Fiji’s performance in the Rugby World Cup and in the warm up games have led to calls for Fiji and Japan to be incorporated into a tier one competition.
In the case of Japan, it could be argued their performances in the pool stages have warranted a consideration of being included in the Rugby Championship.
Fiji Rugby Championship entrance
Kicking on from their win over South Africa in 2015, they have shown composure and an ability to play tier one-level rugby with an impressive and dominant win over Ireland.
Japan can rightly demand SANZAAR take a look at the Rugby Championship and consider them as possible future inclusions.
The case for Fiji
Following Fiji’s final game of the pool stages, where they gave Wales the scare of their lives, there were calls from some for this consideration to also be extended to them.
Result aside, I think everyone agrees that @fijirugby have outgrown the Pacific Nations Cup.
Must be included into Rugby Championship or even the 6 Nations
Fiji at RWC2023 after consistent Tier 1 comp = unstoppable 🇫🇯🇫🇯🇫🇯
— Daniel Leo (@danleo82) October 9, 2019
There’s no doubt Fiji play some beautiful rugby and look as if they were born to play rugby, with centre or wing Semi Radradra rightfully being touted as a possible World Player of the Year nominee.
Against Australia, the islanders showed their searing pace and imperial offloading ability, but were finally defeated in the tight.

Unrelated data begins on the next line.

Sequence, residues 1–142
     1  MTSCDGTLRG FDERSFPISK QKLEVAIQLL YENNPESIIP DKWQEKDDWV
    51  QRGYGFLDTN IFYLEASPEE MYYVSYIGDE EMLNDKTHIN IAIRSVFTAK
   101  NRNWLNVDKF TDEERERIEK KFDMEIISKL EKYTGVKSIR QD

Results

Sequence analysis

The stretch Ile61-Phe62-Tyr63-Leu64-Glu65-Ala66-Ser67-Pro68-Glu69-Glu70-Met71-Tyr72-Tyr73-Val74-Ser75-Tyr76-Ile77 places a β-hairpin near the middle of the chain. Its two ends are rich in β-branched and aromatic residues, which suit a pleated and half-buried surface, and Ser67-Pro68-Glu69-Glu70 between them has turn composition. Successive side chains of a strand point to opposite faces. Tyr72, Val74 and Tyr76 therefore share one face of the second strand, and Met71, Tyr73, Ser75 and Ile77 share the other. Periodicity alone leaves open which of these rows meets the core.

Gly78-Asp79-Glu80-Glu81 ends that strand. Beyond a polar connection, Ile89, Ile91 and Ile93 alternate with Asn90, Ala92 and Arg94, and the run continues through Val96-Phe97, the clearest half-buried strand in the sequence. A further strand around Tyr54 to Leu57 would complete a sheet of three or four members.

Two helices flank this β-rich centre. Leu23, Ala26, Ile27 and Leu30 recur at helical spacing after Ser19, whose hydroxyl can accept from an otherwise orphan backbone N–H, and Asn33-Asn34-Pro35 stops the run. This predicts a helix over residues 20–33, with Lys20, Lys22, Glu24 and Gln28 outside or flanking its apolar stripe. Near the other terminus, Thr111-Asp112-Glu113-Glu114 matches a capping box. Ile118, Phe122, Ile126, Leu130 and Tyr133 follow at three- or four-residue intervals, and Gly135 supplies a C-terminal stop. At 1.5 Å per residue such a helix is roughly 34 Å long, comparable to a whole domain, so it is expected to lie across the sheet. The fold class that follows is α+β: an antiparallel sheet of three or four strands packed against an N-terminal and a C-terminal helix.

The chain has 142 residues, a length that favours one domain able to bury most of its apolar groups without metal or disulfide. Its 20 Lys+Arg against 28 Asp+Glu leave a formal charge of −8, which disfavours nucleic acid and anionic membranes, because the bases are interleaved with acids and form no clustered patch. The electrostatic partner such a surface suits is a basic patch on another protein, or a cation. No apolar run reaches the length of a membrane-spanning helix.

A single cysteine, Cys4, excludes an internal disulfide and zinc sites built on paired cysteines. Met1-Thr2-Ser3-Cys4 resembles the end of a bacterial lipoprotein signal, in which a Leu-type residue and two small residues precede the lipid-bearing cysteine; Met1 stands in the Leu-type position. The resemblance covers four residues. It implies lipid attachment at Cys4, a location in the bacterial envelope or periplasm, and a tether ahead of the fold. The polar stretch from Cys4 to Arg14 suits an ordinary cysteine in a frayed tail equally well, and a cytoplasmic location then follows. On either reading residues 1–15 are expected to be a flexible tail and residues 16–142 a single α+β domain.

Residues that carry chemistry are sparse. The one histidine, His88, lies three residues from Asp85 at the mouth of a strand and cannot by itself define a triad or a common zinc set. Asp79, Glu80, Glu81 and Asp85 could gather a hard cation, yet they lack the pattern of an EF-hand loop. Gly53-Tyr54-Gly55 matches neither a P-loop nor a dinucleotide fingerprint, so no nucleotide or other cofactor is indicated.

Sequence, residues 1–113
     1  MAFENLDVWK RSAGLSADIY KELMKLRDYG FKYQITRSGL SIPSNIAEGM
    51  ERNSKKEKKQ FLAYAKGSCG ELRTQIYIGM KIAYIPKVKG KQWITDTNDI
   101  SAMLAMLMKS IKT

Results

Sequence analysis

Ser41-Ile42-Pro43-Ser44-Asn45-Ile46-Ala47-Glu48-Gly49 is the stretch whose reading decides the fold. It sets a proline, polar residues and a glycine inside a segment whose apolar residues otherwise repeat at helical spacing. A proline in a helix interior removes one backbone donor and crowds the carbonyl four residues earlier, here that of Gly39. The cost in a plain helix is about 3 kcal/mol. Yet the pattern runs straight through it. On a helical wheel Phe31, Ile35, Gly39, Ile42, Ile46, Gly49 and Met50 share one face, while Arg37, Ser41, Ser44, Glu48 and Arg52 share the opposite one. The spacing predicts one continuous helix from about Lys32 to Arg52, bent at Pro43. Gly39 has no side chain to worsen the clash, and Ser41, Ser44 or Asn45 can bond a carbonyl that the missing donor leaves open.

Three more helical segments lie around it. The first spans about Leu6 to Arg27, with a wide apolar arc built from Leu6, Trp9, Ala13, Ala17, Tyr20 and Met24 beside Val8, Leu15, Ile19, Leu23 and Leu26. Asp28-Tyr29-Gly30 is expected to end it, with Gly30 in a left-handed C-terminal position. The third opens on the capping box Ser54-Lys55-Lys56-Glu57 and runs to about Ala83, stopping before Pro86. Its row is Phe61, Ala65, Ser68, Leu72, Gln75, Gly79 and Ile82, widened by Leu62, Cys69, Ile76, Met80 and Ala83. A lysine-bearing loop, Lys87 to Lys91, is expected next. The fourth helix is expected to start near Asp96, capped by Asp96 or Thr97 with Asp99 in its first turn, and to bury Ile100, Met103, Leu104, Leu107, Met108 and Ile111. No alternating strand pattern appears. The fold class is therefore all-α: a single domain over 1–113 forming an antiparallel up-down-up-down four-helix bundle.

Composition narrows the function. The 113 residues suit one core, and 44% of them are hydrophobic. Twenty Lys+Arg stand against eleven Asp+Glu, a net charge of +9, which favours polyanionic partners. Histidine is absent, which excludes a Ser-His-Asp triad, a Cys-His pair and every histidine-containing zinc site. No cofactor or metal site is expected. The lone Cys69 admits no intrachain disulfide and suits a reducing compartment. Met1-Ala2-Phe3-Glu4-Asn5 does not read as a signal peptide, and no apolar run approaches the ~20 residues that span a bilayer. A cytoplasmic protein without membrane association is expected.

In their meeting with Wales, they showed a more rounded game, scoring a try from a rolling maul and gaining parity in the scrum for much of the contest.
But with only one win out of four, It’s difficult to see how their results back up the calls by Daniel Leo and many others.
The wealth gap
Of course, much of this disparity is down to the huge wealth gap between the rugby unions of tier 1 and tier 2 nations.
The reported England pot for players’ fees comes to a staggering £7 million, whereas many island nations’ wage pots are a fraction of that.
It’s remarkable in itself that Fiji have pushed Wales and Australia so closely, given the huge gap in available resources. For that they should be commended.
The Nations Championship mooted by World Rugby was designed to bridge this gap and make international rugby more inclusive.
This would have entailed a 12-team league which included Fiji and Japan and featured promotion and relegation, something tier 1 nations were averse to.
This would have brought Fiji and Japan into the tier one fold, but eventually the idea was scrapped.
Even so, the consideration of this idea made it clear that the gap is closing between tier one and tier two nations, which made this Rugby World Cup the most open ever.
Japan’s wins and Fiji’s performances against top-quality opposition in Wales and Australia have made everyone sit up and take notice.
But their game versus Uruguay was one that needed to be won.
A missed opportunity
Every rugby fan in the world will have felt conflicted at the result, as Uruguay’s overcoming of the odds was a true underdog story.
On the other hand, the loss effectively brought an end to the hope that Fiji could possibly do something special at this World Cup.
This was a chance that needed to be taken, with Fiji able to show what they could do to the entire rugby world.
This World Cup was seen by some as an audition for Japan, Fiji and their Group D opponents Georgia, to see if they have what it takes to make the step up.
With only one of those teams recording more than the solitary win, it looks as if Fiji and Georgia will have to bide their time to be included at the top table.
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